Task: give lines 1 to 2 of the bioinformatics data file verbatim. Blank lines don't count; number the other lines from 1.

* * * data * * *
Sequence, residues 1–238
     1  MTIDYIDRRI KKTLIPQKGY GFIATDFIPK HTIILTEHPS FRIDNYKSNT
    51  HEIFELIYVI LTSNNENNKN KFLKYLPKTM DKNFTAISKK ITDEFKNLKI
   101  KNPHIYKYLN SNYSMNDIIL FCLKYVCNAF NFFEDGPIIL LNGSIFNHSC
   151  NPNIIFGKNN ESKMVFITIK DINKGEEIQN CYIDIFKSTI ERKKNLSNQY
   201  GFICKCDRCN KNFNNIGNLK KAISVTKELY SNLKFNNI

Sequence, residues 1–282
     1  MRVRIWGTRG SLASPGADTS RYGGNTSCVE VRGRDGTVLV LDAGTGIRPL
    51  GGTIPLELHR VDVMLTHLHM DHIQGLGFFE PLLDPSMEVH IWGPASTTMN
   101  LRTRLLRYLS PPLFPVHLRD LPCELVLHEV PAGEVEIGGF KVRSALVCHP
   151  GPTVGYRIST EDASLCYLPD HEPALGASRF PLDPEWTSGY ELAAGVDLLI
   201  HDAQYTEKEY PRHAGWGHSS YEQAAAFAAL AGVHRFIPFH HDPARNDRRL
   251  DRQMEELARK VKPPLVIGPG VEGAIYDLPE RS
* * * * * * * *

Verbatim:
Sequence, residues 1–238
     1  MTIDYIDRRI KKTLIPQKGY GFIATDFIPK HTIILTEHPS FRIDNYKSNT